We walked the pastures last night in the fields where I was a child, looking for lost lambs. The sheep were moved to new grazing grounds, and in the furor over fresh grass, sometimes mamas and babies get separated. A pair of twins patrolled the fence nearest the alleyway that led to the new grazing grounds, bleating madly and snatching at well-shorn grass stems. Their mama heard them and came back down the run for them, but one temporary fence stood between them. My mother lifted it and let the little twins through. They scrambled for their mama and followed her away to new and greener pastures.

So we walked, looking for any more lost stragglers out in the rolling hollows, or perhaps disoriented or tangled in the underbrush of the woodsy patches where the flock often shelters at the noonday. The children ran circles round the copses while My Love and I walked hand in hand. The heat is almost unseasonable, and the apples and wild plums are all a-blossom.

The four children came round the stand of poplar and maple and ran for us, their faces lit up with happiness. Our own little flock. The younger two came to our sides for hugs, the older ones walking close. A perfect moment to be kept in my heart for years when they’re grown and gone.

The children prepared to run off again, asking if they could go into the next patch of woods. “Yes,” I said. “I know this one. It’s a good place.”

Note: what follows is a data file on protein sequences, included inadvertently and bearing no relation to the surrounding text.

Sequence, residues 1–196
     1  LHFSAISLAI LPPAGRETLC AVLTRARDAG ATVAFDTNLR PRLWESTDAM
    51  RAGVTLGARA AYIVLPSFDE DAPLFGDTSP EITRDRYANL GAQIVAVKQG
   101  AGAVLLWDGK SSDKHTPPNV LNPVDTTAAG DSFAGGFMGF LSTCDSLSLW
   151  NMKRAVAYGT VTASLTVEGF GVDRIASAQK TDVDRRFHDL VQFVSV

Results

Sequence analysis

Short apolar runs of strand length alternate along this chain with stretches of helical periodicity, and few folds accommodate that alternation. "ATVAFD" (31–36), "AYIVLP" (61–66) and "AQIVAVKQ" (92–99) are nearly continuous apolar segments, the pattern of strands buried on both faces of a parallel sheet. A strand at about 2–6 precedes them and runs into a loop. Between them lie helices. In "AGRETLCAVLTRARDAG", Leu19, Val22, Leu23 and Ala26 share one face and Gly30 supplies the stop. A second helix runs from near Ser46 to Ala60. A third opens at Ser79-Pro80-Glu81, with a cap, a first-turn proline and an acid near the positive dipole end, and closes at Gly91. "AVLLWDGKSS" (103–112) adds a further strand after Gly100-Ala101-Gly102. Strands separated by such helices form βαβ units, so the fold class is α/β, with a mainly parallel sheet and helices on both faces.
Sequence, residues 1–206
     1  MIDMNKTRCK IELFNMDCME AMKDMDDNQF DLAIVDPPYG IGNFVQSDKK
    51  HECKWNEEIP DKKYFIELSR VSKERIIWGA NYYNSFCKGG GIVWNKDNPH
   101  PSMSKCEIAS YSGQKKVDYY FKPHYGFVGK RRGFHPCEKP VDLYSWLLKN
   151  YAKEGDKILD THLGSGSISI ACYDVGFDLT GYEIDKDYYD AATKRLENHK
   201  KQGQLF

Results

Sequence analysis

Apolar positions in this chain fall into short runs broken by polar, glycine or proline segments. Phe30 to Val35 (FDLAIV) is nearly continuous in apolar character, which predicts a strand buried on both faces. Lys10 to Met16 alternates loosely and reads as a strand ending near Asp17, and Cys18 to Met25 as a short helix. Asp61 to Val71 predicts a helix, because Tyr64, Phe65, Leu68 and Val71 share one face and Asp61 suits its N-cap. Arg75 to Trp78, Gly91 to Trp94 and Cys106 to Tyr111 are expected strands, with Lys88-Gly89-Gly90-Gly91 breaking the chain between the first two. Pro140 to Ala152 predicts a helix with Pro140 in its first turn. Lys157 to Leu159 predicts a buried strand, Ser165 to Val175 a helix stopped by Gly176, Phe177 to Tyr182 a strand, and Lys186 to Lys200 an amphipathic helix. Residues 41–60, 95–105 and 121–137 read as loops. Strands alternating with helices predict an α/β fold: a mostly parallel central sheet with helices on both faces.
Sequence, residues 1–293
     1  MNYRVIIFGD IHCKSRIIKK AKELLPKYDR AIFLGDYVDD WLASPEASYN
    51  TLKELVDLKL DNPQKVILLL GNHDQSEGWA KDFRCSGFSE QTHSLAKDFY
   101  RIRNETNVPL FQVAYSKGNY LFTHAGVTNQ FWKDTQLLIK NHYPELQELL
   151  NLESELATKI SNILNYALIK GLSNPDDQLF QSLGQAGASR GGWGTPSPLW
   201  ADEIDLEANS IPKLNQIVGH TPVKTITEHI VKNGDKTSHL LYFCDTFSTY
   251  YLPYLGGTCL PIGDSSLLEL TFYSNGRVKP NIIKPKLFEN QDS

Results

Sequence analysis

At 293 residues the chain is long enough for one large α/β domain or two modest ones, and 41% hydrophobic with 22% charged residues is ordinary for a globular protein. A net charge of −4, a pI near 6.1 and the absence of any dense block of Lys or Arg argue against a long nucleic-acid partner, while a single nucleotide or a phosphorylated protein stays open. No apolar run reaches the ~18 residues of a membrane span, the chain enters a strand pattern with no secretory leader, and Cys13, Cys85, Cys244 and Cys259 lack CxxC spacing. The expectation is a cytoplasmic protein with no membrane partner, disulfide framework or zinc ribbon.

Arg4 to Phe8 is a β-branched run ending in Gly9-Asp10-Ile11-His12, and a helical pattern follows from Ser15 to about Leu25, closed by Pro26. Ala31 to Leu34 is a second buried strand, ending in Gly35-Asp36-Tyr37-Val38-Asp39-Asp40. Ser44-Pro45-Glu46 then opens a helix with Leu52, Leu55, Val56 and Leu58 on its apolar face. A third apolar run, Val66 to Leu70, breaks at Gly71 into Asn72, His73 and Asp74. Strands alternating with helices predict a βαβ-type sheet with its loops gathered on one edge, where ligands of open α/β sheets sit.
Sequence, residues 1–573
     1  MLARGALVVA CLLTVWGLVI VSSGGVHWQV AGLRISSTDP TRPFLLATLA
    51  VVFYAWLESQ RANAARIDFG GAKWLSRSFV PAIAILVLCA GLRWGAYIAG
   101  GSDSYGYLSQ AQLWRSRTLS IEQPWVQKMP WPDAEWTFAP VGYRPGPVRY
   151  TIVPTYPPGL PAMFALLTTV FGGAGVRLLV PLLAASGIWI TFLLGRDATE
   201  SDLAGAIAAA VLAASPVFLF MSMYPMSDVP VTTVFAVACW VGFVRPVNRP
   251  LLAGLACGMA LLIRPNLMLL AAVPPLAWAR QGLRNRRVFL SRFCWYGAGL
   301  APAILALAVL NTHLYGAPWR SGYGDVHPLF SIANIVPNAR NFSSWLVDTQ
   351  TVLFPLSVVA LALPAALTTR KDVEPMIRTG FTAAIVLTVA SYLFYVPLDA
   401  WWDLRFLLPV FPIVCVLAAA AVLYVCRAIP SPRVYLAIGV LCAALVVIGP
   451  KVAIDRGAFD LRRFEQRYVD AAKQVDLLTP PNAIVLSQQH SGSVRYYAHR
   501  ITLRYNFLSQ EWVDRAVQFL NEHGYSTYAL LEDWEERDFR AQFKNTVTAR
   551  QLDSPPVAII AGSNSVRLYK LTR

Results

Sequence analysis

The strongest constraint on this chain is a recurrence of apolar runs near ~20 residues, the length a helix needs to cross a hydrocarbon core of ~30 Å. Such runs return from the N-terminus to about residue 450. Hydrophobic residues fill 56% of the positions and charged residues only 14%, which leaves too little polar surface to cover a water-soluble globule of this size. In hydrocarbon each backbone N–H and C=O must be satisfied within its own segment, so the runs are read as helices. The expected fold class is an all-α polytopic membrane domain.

Familiar. Ringed in lacy white bloom and deep green shadow. I noted a fallen tree and felt I recognized it, though it seemed a whimsical thought. Nonetheless, the instinct of the wood-ward came alive. I know this one.

My Love, in his jean shorts, said, “If I had long pants on, I’d ask you to show me the old orchard.”

I smiled, and planned to walk on with him along the north edge of the miniature forest, though my eyes stayed turned to buffaloberry, chokecherry, and thick, rough maple trunks.

In tales of legend, often a wanderer is drawn by some strange place which seems to have a power of its own, a place which calls silently and irresistibly. We came past the place where the tangle of undergrowth ends, to where there is a stand of open trunks.

This is the place where one enters.

I found myself wandering from my husband’s side, knowing that I know this place. I stepped into evening shadows beneath the fresh green canopy.

“Where are you going?” he asked.

“To look,” I answered, already somewhere else. I know this place.

There is the hollow where there is no grass — too dark the woods, too wet the spring melt, and too thick the layers of leaves from years gone by. They rustle damply underfoot, sprinkled with tiny, rounded foliage of wild columbine. I track at an angle south east across the hollow and up the rise, ducking fallen limbs, wondering how I can know where I’m going. It’s been twenty years. Surely the woods have changed in all that time.

Suddenly I come to a place with one thin trunk rising straight up, another just beside, and a third, dead, wedged between them and angled to the earth. Can it be? Can a bole not increase in thickness, not change in a score of years? It can’t be.

The air is wreathed in the scent of wild plum, and blossoms crown the underbrush, trailing to the ground in ethereal cascades. I look for an opening in the canopy, look for the thing that will tell me whether my mind is playing tricks.